Documented medical proof is available of course (beyond the case records from Gerson Institutes) notably from Dr. Takaho Watayo MD (Professor of Clinical Medicine at Chiba Medical School and one of Japan’s most prominent surgeons and Subdirector of the Ohtsuna Hospital in Tokyo) and Prof. Yoshihiko Hoshino MD who healed himself of colon cancer with liver metastases over 24 years ago using the Gerson Therapy, and who since compiled records on over 500 cases of advanced cancer treated by the Gerson method. Professor Hoshino MD opened a Gerson Therapy medical clinic in Tokyo. There are Gerson Institutes in Hungary and Mexico. There is a Gerson Support Group in the UK.
Detractors of the Max Gerson therapy often quote the case of Jessica Ainscough (the wellness warrior) who in 2008 developed lumps on her left hand and arm. She was diagnosed with Epithelioid Sarcoma (ES), she decided to fight her sarcoma by relying on what she called natural alternative cancer treatments i.e. differing approaches, not just Gerson. ES is an extremely rare tumour affecting only one in every 2.5 million people. Sarcomas in general do not respond well to chemotherapy or radiation, which means they are harder to treat. Notably for ES, extended surveillance is indicated, because recurrences can appear after decades of quiescence (e.g. a false sense of security). Detractors assume that Jessica Ainscough would have lived longer with multimodal therapy (aggressive and repeated resection surgery, chemotherapy and radiation therapy). However, ES – especially advanced stage, recurrent, or metastasized disease – has been shown to be resistant to traditional cancer therapies. Despite multimodal management, the relapse rate remains high and recurrences tend to occur many years later following initial therapy. Reported local relapse rates are approximately 35%, patients with localized disease fare better compared to regional disease [5-year overall survival of 75% vs. 49%] and metastatic spread is seen in approximately 50% of patients (i.e. 5yr OS 49%). So perhaps this is not the fairest medical case to critique the Dr. Max Gerson way of healing with, not least because reportedly Jessica discontinued the Gerson Therapy in 2012 to pursue other therapeutic modalities. She passed away in February 2015.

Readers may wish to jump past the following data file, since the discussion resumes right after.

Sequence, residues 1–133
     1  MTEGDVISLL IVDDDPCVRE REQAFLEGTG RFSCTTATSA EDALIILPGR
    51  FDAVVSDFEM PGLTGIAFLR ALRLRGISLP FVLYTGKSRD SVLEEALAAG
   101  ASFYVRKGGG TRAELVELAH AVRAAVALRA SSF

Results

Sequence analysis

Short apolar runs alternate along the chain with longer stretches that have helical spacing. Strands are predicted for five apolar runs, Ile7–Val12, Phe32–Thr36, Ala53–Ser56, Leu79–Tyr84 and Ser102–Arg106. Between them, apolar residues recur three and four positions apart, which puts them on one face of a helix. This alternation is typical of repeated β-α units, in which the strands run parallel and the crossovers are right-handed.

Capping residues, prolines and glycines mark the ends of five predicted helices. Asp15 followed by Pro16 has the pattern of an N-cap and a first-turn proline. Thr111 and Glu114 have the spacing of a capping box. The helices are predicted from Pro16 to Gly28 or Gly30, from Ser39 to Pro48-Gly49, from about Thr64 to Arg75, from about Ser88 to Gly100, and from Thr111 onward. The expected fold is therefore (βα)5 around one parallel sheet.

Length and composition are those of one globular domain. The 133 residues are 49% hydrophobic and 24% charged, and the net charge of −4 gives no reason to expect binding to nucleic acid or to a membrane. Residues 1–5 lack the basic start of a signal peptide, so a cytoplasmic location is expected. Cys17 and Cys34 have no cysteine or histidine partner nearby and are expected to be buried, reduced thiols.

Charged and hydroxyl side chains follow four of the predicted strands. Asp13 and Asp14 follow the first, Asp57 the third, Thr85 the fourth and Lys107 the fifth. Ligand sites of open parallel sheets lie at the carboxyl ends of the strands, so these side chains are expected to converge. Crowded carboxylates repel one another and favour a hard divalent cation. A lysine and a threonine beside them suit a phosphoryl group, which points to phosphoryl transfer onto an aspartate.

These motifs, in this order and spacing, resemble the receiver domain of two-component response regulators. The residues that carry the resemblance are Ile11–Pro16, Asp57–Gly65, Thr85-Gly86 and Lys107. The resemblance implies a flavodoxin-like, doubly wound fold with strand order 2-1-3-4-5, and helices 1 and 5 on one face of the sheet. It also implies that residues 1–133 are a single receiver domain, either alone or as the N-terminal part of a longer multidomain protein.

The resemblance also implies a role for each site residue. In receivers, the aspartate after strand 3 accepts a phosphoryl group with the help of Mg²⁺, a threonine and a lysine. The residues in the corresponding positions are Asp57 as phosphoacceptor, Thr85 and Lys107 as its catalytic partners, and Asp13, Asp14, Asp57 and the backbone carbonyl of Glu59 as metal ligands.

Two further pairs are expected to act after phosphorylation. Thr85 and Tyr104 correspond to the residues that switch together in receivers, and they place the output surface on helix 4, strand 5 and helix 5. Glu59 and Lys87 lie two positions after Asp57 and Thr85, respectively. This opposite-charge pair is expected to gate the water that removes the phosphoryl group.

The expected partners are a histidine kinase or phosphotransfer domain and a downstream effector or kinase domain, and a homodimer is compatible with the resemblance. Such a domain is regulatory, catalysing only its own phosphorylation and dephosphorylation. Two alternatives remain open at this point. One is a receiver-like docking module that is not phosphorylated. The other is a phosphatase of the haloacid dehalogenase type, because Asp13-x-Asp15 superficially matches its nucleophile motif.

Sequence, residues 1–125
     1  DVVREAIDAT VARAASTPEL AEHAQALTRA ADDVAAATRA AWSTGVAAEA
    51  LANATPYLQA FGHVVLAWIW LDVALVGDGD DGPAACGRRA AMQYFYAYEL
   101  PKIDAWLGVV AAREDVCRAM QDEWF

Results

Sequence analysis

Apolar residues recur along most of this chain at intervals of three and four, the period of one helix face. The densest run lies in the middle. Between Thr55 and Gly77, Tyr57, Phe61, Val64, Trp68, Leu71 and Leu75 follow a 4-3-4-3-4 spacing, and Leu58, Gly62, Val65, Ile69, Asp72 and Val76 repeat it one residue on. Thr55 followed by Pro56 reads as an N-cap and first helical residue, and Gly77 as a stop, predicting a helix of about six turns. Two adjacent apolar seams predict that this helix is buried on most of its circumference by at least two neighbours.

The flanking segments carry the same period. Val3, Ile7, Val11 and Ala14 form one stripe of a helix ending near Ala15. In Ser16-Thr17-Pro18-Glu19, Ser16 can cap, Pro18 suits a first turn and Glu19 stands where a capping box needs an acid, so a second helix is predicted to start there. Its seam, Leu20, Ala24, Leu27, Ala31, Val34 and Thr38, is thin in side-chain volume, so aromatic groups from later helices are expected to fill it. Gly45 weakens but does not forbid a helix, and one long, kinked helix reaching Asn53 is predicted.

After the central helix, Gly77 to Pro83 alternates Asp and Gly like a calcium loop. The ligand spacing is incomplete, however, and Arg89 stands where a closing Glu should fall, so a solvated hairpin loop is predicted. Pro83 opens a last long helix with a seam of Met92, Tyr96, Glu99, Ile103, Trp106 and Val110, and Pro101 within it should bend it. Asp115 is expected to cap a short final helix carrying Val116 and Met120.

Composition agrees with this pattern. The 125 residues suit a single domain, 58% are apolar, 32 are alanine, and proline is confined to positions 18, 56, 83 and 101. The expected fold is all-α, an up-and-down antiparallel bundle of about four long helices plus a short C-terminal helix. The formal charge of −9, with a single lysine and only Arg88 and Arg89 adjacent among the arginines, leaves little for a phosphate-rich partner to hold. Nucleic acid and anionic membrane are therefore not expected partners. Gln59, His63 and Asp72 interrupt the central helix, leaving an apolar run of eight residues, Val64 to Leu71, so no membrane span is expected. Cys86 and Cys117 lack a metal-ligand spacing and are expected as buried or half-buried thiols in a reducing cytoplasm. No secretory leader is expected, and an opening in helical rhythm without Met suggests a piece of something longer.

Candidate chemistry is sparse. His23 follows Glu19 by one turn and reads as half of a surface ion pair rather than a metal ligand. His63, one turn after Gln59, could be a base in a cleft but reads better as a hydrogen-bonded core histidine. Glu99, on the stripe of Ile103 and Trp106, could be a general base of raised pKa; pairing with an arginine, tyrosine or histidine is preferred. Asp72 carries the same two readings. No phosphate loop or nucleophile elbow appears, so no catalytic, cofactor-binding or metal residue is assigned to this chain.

Fair criticism is always healthy but Jessica Ainscough’s case merely hypes the media. An explanation of how medical research is funded may put the absence of randomised double blind, placebo-controlled clinical trials on Gerson into a clearer perspective… So click this sentence and listen to Dr. Peter Rost MD who was a pharmaceutical marketing executive.